The term “vaginal rejuvenation” has been thrown around for years, but what, exactly, it’s supposed to be is a little murky given that this isn’t an actual medical procedure. At its core, vaginal rejuvenation seems to be a promise that by doing something, your vagina will be restored to its glory days…whatever that means.
Not only do procedures like that reinforce the misguided idea that there’s something wrong with your vagina that needs fixing, but they may also be marketed in sneaky ways, the Food and Drug Administration (FDA) said in a statement released Monday.
The FDA is warning patients that, despite marketing to the contrary, no medical procedures are FDA-approved for vaginal rejuvenation.
“We’ve recently become aware of a growing number of manufacturers marketing ‘vaginal rejuvenation’ devices to women and claiming these procedures will treat conditions and symptoms related to menopause, urinary incontinence, or sexual function,” FDA commissioner Scott Gottlieb, M.D., said in a statement. The FDA is specifically looking at procedures that use lasers, usually CO2 lasers, and “other energy-based devices” to “destroy or reshape vaginal tissue,” he continued. “These products have serious risks and don’t have adequate evidence to support their use for these purposes,” Gottlieb said. “We are deeply concerned women are being harmed.”
Mary Jane Minkin, M.D., a clinical professor of obstetrics and gynecology and reproductive sciences at Yale Medical School, tells SELF that she was “delighted” by the FDA’s statement. “Until we see prospective randomized trials, we really cannot say what any of these procedures are accomplishing,” she says.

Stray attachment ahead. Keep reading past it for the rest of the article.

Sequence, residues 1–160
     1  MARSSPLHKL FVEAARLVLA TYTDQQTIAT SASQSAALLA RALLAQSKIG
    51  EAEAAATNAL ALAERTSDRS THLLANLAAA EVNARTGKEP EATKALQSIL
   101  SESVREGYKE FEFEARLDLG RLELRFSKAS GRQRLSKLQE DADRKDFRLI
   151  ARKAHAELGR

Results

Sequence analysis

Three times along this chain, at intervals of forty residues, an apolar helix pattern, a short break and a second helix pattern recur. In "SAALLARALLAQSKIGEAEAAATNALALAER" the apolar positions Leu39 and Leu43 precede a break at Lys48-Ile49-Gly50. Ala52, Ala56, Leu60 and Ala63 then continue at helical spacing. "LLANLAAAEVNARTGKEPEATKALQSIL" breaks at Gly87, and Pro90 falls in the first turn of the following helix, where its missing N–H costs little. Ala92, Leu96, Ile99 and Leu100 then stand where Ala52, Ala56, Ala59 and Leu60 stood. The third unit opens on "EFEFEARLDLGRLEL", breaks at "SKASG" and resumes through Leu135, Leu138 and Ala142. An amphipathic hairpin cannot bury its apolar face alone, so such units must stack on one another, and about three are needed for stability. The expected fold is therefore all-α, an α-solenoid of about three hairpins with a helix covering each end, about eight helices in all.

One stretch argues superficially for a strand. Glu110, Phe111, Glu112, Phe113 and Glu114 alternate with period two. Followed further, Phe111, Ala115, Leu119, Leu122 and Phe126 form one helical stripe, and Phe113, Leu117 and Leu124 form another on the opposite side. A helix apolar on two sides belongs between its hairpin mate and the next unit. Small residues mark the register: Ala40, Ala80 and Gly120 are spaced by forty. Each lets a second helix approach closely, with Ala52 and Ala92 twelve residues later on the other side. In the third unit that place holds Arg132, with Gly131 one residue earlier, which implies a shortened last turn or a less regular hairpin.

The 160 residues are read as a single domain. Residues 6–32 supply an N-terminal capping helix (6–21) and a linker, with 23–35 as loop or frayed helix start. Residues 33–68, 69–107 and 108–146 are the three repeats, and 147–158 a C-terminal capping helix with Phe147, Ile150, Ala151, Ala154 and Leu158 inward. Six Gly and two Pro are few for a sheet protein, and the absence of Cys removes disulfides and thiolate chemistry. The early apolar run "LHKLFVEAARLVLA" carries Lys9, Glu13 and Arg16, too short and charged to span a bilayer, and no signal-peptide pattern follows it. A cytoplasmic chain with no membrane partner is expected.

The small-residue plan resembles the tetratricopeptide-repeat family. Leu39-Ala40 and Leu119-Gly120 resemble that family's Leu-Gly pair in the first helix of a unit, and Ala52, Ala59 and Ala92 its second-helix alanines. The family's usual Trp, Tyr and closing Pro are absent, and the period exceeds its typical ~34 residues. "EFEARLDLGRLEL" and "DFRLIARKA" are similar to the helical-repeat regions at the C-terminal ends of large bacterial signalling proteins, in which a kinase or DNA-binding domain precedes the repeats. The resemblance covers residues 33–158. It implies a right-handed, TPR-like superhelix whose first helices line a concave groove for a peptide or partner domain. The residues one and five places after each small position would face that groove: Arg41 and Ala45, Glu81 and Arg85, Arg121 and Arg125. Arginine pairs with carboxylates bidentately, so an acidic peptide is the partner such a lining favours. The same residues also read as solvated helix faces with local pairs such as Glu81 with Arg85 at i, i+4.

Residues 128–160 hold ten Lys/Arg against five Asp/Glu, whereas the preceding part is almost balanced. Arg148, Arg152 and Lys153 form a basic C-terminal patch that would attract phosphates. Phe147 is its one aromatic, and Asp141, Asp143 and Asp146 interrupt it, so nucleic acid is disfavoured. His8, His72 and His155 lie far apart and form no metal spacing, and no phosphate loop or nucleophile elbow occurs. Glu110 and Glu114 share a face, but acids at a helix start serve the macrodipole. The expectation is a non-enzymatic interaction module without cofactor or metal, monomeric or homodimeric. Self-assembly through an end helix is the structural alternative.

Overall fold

“The idea that a laser is going to tighten your vagina and make you look more youthful is all nonsense and hasn’t been proven in scientific literature,” Lauren Streicher, M.D., an associate professor of clinical obstetrics and gynecology at Northwestern University Feinberg School of Medicine, tells SELF, adding that she’s “thrilled” with the statement. “You also have a lot of people like dermatologists and plastic surgeons offering ‘vaginal rejuvenation’ with these lasers who have no business doing that,” she says.
Jane G. Mazur, vice president of Global Divisional Communications at Hologic which is behind Cynosure (one of the companies called out by the FDA), tells SELF that her company is “aware” of the FDA’s statement. “As a leader in women’s health, Hologic has a strong track record of rooting our products in science and clinical evidence so we take the contents of this letter seriously,” she said. “We are evaluating the letter in full and will collaborate with the agency to ensure all product communications adhere to regulatory requirements.”
Technically, the devices themselves are FDA approved or cleared to treat certain conditions—but not for vaginal rejuvenation.
Those conditions include things like the destruction of abnormal or pre-cancerous cervical or vaginal tissue, as well as genital warts, Dr. Gottlieb pointed out. “But the safety and effectiveness of these devices hasn’t been evaluated or confirmed by the FDA for ‘vaginal rejuvenation,’” he wrote.
But that doesn’t mean providers can’t use the device in off-label ways.
There is some data that suggest that CO2 lasers are helpful for vaginal atrophy.
Vulvovaginal atrophy is a medical condition that causes vaginal dryness, irritation, soreness, and pain during sex, the Mayo Clinic explains. It usually occurs after a woman goes through menopause.
Although CO2 lasers aren’t FDA approved or cleared for treating vulvovaginal atrophy, Dr. Streicher points to the existing research as evidence that there may be some benefit for women who are struggling with the condition.
For instance, in a 12-week pilot study published in 2014, 50 postmenopausal women had their vulvovaginal atrophy symptoms measured before and after laser treatment, which consisted of three sessions. All of the women included had been dissatisfied with other treatment options, and 84 percent of them reported that they were satisfied with the laser treatment. However, this is a small study and did not include a control group.